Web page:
"There have been two major turning points in the history of modern Japan," said Kishida Fumio. "The Meiji Restoration and the end of World War Two 77 years later. And now -- 77 years after that -- we are once again at a turning point in history."
The second policy speech of Kishida's tenure had a distinct focus on defense spending. He said his administration would allocate more than 300 billion dollars for the purpose over the next five years as part of an effort to boosting the overall defense budget to reach 2 percent of GDP in fiscal 2027. He reiterated his controversial plan to pay for this at least partially through tax hikes.
"The government will make the utmost effort to carry out administrative and fiscal reform, but there will still be a shortfall equivalent to about a quarter of the outlay," he said. "It is our responsibility to deal with this and not pass on the cost to future generations."
Estimates suggest the number of births in Japan fell below 800,000 last year, a record low. Kishida issued a stark warning about the effects of the demographic decline, saying, "We are on the brink of being unable to maintain social functions."
He said one of his government's priorities would be to find ways to support families and encourage them to have more children.
The global energy crisis is also affecting household finances. Kishida pointed to nuclear power as a solution, saying his government would continue with plans to extend the life of existing plants and push for the construction of new reactors.
Kishida's focus on the declining birthrate drew some praise.
"The Prime Minister has made it clear that top priority will be given to measures to support families with children," said Yamaguchi Natsuo, leader of ruling coalition partner Komeito. "Our party intends to contribute to building a national consensus on that issue."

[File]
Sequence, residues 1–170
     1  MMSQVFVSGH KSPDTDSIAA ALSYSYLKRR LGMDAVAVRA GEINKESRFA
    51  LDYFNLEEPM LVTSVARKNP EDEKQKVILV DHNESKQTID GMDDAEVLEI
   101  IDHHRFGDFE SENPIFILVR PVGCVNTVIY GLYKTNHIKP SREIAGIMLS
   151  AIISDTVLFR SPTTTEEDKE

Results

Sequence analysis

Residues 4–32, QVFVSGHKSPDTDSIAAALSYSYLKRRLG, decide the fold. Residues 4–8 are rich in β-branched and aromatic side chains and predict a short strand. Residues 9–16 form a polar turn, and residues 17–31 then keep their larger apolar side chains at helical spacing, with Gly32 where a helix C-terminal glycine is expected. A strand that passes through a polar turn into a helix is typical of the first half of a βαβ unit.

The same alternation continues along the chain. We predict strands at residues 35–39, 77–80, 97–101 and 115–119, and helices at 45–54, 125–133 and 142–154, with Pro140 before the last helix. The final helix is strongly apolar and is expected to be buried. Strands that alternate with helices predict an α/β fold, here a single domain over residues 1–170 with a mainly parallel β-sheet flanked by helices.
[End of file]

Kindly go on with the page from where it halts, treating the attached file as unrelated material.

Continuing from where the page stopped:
But there was almost universal opposition to the increase in defense spending, with even some members of Kishida's own Liberal Democratic Party expressing doubts about the tax hike plan.
"What stood out in the speech was that the defense budget will balloon anyway, whether it's funded by tax increases or government bonds," said Izumi Kenta, president of the opposition Constitutional Democratic Party. "We should be doubling the budget on child-related policies first -- before increasing the defense budget."
During last autumn's extraordinary Diet session, four Cabinet ministers resigned over issues related to the former Unification Church and political funding scandals. The issue drove the Cabinet's approval rating down and Kishida has yet to find a way to turn the momentum. Opposition parties are expected to once again highlight the government's connections with the Unification Church when they question the administration on policy issues during the current session.
Kishida's low approval rating and party dissension on the defense tax hike has led some to mention the possibility of the Lower House being dissolved later this year. The prospect of elections will loom over the debate this Diet session, which lasts until June. For his part, Kishida will be counting on a smooth passage of his draft budget and his appearances at high-profile international events such as the G7 summit in May to help turn his fortunes.